Project Number: 1245-22000-268-00-D
Project Type: In-House Appropriated
Start Date: Apr 18, 2008
End Date: Feb 19, 2013
Objective 1. Curate specimens in the U.S. National Fungus Collections as an international reference resource for use by scientists throughout the world. Objective 2. Develop on-line resources about the systematics of fungi, especially plant pathogens of importance to scientists and plant quarantine officials.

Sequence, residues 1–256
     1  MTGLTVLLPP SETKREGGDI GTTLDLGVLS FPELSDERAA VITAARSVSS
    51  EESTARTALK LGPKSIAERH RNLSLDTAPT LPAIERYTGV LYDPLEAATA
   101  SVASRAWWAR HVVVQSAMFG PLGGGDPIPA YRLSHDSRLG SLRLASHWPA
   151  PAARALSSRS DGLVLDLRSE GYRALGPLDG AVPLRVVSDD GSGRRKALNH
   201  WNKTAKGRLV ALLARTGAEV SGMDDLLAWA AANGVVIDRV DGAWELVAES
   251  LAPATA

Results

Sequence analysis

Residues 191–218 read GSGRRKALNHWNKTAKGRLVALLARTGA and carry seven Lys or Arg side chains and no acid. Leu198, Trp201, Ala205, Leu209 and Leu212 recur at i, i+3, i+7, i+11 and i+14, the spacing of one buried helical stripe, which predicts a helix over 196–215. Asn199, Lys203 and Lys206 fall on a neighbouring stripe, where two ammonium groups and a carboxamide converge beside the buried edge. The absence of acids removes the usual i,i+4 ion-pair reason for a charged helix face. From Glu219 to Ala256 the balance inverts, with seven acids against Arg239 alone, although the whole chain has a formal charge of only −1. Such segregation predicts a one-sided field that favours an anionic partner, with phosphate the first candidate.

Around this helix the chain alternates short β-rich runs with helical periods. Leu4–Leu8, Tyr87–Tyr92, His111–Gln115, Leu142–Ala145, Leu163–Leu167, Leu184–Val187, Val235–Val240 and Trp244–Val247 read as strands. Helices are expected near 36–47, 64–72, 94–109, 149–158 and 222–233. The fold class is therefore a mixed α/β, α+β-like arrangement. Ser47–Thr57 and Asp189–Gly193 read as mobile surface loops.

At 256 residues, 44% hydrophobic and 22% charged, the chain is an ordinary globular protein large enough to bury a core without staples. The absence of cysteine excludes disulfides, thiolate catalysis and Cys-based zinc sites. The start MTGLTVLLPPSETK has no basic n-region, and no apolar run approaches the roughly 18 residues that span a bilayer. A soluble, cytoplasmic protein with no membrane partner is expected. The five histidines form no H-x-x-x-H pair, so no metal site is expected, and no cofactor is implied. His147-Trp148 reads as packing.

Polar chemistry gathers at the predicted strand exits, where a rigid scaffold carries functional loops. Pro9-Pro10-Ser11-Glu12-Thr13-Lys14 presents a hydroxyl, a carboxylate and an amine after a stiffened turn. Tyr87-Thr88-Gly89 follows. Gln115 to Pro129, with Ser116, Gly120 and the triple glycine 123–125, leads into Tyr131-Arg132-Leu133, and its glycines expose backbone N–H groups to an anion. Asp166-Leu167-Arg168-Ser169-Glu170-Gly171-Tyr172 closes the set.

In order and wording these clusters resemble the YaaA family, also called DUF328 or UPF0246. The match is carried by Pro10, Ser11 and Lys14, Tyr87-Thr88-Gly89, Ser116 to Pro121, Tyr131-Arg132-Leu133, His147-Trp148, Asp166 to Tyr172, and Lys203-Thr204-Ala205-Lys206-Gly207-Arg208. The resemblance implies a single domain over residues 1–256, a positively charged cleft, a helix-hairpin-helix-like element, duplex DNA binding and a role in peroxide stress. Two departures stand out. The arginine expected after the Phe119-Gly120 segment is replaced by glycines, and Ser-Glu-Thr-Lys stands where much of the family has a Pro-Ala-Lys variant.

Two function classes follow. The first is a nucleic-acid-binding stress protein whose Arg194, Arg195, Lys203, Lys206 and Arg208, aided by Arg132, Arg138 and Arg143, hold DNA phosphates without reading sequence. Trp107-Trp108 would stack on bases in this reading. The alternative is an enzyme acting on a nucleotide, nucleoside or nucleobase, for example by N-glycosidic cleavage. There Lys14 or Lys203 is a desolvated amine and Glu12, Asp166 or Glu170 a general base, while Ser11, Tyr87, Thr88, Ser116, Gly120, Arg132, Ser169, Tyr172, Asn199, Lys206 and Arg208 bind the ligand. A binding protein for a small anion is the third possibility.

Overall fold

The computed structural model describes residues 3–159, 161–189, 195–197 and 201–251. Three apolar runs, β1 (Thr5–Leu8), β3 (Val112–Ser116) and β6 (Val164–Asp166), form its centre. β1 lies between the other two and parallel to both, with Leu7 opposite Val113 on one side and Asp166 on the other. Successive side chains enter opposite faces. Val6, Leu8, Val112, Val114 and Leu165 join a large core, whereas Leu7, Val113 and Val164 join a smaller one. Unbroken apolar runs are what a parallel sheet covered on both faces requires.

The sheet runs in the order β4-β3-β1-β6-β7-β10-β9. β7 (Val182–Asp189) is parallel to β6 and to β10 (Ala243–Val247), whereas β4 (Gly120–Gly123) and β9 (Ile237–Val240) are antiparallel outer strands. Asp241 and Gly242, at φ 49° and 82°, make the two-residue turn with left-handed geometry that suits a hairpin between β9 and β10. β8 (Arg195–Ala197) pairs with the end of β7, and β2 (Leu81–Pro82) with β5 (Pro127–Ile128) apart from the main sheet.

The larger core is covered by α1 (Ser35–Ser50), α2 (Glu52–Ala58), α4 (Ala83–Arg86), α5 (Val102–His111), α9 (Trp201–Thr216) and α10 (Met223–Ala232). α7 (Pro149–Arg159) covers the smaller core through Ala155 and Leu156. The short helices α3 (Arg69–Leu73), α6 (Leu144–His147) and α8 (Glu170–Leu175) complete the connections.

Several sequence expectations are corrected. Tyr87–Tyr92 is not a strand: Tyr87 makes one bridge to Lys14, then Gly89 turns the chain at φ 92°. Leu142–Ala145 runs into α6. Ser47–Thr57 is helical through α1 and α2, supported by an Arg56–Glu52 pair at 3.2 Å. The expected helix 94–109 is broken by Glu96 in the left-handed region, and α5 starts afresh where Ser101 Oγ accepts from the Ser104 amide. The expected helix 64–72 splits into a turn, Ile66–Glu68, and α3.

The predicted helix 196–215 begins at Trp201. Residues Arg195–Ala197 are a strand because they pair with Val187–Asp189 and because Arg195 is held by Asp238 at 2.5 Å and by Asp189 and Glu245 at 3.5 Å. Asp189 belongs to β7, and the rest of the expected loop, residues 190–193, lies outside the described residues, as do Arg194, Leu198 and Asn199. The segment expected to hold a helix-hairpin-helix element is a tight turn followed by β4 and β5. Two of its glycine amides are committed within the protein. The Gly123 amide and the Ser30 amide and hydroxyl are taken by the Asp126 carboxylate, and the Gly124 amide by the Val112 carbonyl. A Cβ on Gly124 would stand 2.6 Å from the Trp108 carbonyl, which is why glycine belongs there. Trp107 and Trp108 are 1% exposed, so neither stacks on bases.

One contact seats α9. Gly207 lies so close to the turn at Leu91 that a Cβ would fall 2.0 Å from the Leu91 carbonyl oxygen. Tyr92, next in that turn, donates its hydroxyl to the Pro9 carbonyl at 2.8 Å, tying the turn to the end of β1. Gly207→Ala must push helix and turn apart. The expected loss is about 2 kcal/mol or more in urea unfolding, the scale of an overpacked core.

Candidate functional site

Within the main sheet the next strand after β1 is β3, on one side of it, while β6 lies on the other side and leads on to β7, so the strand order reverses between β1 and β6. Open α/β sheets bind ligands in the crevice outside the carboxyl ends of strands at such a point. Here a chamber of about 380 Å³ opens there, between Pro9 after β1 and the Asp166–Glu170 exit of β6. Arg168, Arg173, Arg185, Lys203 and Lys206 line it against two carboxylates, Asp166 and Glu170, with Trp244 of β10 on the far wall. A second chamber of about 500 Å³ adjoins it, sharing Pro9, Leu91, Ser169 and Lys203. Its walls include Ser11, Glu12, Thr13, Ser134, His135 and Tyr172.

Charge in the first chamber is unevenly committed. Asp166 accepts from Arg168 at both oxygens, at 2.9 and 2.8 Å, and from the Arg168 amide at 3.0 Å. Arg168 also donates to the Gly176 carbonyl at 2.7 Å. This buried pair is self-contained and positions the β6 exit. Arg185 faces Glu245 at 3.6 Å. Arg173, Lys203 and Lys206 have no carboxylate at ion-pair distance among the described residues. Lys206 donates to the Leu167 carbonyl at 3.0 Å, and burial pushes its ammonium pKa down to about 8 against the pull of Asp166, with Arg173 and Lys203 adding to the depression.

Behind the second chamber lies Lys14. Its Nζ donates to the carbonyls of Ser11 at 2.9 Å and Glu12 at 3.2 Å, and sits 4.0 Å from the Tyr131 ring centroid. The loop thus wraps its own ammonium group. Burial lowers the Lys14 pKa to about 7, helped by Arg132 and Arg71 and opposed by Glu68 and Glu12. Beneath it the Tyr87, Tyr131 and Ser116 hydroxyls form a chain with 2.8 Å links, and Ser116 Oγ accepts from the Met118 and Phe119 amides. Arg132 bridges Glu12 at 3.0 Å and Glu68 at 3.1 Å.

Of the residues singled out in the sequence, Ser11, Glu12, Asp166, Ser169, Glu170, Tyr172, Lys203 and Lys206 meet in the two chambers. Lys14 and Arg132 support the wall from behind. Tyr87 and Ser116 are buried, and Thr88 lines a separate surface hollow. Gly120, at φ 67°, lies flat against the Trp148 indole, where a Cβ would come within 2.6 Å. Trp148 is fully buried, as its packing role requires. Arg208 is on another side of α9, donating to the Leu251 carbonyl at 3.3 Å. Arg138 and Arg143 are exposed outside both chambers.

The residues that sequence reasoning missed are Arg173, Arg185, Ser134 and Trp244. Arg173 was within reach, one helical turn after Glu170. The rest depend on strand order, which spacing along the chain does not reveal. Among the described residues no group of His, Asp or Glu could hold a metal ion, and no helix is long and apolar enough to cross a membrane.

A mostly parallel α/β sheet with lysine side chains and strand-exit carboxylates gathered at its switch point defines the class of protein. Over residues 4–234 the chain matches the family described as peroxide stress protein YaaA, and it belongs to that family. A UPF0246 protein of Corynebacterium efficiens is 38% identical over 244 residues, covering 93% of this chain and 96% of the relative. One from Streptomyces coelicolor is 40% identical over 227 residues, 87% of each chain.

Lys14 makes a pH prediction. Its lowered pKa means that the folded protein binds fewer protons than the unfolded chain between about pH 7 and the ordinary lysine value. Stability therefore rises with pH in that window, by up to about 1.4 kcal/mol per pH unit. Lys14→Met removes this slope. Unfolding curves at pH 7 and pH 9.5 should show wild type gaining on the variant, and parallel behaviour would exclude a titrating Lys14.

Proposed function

Objective 1. At the U.S. National Fungus Collections standard procedures are followed as detailed in reference books. Newly acquired specimens are “fumigated” by freezing prior to accessioning. Information about each newly acquired specimen at the U.S. National Fungus Collections (BPI) is entered in the Specimen Database with its unique accession number and barcode sticker. The dried fungal specimens are placed in acid-free boxes or in packets made of archival paper and the label is attached. Specimens are housed in standard metal herbarium cabinets on moveable compactors in limited climate-controlled space. The loan policy and guidelines of the U.S. National Fungus Collections are posted on the SMML website. Student technicians assist with filing specimens, pulling and mailing loans, and upgrading specimens. Newly acquired specimens and returned loans are frozen to prevent pest infestation before being incorporated into the collection. The herbarium is monitored for pests and specimens are frozen as necessary. Requests to use material for DNA analysis are considered favorably as long as sufficient material exists to support such work without jeopardizing the integrity of the specimen. Excess DNA is to be returned to the U.S. National Fungus Collections where it is stored in a –80 C freezer. Objective 2. On-line database resources about fungi developed at the SMML will continue to be updated and increased as new specimens are accessioned and new data are published. As funding permits, the nomenclature file will be updated. Additions to the on-line identification systems are made as additional taxa are studied and described by the associated scientists. As unique sequences, i.e. DNA barcodes, are developed for these species, there will be a link to these GenBank sequences. Descriptions and illustrations of invasive fungi will be placed on the Internet as they become available. New software will be evaluated especially Adobe Flex software to facilitate the ability to work efficiently with these databases. Computer programs and operating system software and hardware will be continually under review and incorporated as deemed necessary and useful.